Witcher’s presentation, “High Touch and High Tech: Being a Successful 21st Century Genealogical Society” sparked a fire storm of blog posts, comments, and tweets. See what I’m talking about at GeneaMusings and Luxegen. (Note that some of the comments and tweets referred to Witcher's related keynote speech "The Changing Face of Genealogy." Now for the most part I agree with what I’ve seen in terms of summaries and comments:
- Societies do need to embrace technology to remain viable.
- Societies do need to reach out to a younger generation.
- Websites, e-publications, webinars, and surname databases are all great ways to both embrace technology and reach a younger generation.
We’re beginning to run our societies like businesses. We’re using words like ROI, profit margin, and customer. There is some value in that. There is value in ensuring we are offering sufficient member benefits. There is value in ensuring our societies don’t go bankrupt. There is, however, very little value in constructing a barrier between society boards and society members by classifying members as customers.
Societies don’t have customers—they are built on a member model. They were created by people who came together with a common goal expressed by their mission statement. Let’s look at the state mission statements of a few prominent societies:
National Genealogical Society (NGS)
“To serve and grow the genealogical community by providing education and training, fostering increased quality and standards, and promoting access to and preservation of genealogical records.”Ohio Genealogical Society (OGS)
“OGS is a non-profit organization, incorporated under Internal Revenue Code 501©(3) whose purposes are:Utah Genealogical Association (UGA)
- Fostering an interest in all of the peoples who contributed in any way to the establishment and perpetuation of the state of Ohio;
- Searching for the reasons and forces behind the migration of early settlers into this state;
- Preserving and safeguarding manuscripts, books, and memorabilia relating to the early settlers of Ohio;
- Securing and holding copyrights, master copies and plates of books, periodicals, tracts, and pamphlets of genealogical and historical interest to the people of Ohio;
- Publishing, printing, buying, selling, and circulating literature regarding the purposes, records, acquisitions, and discoveries of the Society.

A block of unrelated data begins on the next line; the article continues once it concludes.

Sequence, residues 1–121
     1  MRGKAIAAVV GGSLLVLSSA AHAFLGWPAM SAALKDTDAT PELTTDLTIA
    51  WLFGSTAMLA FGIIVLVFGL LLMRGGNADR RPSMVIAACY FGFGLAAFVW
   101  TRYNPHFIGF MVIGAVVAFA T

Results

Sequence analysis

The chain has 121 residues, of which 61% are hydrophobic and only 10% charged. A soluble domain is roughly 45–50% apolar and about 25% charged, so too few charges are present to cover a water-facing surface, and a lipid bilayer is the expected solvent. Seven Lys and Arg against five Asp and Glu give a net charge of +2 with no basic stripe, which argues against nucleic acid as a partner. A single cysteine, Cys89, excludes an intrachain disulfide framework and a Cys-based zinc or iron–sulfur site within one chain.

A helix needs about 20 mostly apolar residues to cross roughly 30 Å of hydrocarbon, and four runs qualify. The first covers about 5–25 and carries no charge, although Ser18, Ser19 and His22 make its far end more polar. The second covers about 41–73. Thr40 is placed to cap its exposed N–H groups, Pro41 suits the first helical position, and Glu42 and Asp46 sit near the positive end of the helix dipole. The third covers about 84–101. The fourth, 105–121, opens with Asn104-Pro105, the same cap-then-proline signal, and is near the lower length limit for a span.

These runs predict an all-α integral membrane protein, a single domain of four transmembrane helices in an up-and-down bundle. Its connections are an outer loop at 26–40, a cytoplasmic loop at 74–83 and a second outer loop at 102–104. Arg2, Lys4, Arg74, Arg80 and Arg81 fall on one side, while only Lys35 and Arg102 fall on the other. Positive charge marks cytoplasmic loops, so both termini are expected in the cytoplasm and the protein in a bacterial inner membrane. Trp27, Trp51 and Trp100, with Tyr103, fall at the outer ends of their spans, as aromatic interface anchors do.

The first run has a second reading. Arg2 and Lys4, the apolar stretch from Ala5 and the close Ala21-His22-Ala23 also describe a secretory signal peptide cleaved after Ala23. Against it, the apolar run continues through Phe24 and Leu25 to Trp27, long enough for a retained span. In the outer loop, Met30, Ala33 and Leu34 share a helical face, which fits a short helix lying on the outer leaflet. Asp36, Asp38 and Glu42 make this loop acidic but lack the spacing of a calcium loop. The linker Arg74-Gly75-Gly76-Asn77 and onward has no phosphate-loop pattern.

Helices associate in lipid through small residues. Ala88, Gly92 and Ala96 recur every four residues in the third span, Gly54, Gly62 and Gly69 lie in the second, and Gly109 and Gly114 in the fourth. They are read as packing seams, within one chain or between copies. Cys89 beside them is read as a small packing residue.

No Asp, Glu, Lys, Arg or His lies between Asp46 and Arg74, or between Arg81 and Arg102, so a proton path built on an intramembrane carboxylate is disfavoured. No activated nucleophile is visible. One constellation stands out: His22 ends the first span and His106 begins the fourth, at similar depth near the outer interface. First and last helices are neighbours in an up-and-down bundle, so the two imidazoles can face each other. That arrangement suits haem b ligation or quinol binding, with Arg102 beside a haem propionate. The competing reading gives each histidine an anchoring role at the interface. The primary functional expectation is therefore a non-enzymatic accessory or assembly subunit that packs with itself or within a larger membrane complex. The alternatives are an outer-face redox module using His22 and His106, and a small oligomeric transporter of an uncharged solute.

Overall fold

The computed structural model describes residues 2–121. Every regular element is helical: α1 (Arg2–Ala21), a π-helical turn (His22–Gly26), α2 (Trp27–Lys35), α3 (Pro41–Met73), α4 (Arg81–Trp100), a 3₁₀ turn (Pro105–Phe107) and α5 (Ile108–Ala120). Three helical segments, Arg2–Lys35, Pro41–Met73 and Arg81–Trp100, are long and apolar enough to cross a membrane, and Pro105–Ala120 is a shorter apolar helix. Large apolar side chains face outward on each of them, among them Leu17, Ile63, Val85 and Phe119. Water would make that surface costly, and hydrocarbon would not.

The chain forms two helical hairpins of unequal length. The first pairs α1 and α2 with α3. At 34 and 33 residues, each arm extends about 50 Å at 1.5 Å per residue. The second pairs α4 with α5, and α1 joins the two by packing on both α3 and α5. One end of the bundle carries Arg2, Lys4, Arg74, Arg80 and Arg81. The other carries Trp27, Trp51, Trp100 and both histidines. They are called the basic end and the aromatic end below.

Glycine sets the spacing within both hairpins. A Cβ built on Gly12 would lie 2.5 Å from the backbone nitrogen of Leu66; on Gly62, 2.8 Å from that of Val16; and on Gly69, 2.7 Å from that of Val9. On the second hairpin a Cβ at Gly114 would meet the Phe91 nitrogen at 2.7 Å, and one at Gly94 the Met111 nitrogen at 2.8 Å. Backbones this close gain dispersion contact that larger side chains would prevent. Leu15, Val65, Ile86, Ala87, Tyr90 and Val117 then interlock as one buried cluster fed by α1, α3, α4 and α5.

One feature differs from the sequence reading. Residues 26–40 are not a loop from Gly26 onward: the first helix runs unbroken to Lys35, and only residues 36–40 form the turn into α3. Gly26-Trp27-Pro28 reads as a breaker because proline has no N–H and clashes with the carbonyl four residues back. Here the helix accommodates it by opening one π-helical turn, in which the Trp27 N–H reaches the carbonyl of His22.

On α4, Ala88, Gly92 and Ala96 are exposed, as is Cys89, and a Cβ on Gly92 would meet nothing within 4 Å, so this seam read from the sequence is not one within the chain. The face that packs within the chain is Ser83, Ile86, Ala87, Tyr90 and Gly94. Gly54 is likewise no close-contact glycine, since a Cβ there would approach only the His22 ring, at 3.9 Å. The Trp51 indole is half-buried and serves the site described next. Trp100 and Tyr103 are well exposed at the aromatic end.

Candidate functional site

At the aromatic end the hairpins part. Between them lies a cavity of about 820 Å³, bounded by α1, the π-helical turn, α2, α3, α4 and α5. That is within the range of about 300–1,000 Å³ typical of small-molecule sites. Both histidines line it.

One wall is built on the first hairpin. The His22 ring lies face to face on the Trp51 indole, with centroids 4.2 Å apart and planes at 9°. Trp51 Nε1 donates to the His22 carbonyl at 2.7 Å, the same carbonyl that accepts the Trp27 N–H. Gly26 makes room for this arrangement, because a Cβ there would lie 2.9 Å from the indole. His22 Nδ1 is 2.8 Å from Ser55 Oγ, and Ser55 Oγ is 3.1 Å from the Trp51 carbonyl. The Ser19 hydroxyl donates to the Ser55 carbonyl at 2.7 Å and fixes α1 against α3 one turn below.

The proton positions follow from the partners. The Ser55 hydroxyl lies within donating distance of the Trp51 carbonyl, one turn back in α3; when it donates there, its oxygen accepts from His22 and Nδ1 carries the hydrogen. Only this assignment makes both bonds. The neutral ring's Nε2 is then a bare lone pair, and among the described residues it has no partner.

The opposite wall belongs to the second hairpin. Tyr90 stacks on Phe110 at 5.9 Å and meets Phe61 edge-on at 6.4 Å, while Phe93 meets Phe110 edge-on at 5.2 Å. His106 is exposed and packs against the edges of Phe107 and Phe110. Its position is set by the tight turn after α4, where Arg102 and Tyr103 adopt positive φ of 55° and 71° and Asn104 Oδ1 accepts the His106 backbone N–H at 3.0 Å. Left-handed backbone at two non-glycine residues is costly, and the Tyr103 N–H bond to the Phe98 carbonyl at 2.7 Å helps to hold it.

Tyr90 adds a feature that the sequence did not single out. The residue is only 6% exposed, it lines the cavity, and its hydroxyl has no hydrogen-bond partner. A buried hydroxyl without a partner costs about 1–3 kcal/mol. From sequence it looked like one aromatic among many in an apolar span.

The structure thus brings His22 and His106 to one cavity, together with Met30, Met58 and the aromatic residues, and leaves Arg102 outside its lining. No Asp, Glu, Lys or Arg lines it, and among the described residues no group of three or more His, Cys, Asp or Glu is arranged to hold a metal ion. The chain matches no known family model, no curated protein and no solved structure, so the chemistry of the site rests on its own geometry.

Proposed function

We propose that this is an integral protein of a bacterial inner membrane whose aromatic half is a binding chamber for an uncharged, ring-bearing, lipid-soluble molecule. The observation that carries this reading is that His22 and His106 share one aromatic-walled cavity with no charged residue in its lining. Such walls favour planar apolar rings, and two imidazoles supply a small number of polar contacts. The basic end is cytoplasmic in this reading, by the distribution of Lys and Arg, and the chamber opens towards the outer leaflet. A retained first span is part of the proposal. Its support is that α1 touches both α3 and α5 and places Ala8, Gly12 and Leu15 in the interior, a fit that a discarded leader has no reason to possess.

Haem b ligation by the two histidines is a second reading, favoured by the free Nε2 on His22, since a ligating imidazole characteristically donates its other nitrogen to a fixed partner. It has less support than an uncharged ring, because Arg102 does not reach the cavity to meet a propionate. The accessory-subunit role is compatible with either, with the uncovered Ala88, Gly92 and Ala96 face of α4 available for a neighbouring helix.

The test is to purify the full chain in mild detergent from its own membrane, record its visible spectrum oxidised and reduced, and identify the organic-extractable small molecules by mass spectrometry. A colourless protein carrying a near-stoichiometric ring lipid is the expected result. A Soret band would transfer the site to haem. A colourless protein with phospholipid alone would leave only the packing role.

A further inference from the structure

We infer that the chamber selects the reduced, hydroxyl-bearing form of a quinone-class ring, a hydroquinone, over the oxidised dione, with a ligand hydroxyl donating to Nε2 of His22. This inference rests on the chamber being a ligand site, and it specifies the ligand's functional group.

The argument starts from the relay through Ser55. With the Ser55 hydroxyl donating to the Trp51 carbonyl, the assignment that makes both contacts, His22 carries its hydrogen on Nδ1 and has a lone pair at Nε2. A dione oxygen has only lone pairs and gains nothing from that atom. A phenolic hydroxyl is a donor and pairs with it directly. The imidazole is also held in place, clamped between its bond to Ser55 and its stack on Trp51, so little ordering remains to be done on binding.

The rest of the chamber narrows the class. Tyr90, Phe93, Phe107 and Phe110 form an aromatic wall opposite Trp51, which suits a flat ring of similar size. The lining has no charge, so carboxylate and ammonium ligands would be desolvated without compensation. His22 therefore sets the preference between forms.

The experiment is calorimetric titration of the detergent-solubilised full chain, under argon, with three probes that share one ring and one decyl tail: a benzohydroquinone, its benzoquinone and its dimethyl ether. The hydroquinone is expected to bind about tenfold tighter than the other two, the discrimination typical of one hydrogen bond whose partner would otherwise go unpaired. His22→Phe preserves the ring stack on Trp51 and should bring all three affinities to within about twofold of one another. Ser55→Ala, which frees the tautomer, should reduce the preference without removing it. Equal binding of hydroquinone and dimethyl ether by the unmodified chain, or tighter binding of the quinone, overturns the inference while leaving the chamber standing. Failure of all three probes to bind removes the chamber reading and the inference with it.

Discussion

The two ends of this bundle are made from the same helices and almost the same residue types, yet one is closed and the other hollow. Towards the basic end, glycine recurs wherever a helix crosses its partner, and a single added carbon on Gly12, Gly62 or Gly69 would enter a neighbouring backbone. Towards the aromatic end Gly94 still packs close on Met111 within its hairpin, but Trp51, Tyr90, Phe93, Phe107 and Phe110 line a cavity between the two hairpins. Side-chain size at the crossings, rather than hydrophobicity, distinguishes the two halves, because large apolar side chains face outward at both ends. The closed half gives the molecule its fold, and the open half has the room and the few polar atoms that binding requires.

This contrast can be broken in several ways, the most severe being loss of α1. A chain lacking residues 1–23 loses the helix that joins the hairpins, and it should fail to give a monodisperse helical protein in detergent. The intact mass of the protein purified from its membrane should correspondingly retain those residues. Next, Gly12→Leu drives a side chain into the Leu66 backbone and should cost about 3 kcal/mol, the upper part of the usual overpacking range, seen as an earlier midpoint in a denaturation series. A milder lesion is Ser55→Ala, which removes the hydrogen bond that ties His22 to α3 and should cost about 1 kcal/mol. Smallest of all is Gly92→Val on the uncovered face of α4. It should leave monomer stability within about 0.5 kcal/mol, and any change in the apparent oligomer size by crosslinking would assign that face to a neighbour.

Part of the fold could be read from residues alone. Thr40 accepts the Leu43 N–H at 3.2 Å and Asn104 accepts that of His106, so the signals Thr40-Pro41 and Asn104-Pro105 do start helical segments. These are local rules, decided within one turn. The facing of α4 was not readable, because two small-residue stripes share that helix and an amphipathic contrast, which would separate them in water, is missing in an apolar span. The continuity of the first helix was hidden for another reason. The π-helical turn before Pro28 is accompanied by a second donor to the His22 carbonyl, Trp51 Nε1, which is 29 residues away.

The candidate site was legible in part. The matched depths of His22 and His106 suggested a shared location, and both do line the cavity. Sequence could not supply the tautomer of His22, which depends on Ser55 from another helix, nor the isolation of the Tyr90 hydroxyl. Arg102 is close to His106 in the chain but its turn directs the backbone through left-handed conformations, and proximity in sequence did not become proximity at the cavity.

- Aiding others in the publication and dissemination of materials pertaining to Ohio, including biography and family and local history;
- Receiving and holding gifts and bequests from any source for the benefit of the Society, disposing of such gifts and bequests not needed and using funds derived therefrom solely for the purposes of the Society;
- Doing all things incidental to the perpetuation of the purposes of the Society, and exercising the powers legally and properly requisite thereto.
“UGA provides genealogical information, sources, and education through personal instruction and published media on state, national, and international family history topics, while promoting high standards and ethical practices.”What do these and many other genealogical society mission statements have in common? They all use words like promote, educate, preserve, and foster. These societies were built as service organizations. Do we still think of them that way? Are genealogy societies still a place where we come together to give back to our community? Or are we spending too much of our time complaining about what societies aren’t doing; about what they aren’t providing for us as consumers? I respectfully submit that it’s not a society’s job to meet our needs as consumers. It is their job to meet their mission statement—and in the process to provide a place for us to give back to the community in a meaningful way.
Disclosure: I serve on the board of the Utah Genealogical Association as an unpaid director. I also serve as the unpaid director of the Salt Lake Institute of Genealogy. These opinions are my own and don't reflect the board as a whole. In fact I'm not even sure the majority of UGA directors and members would agree with me!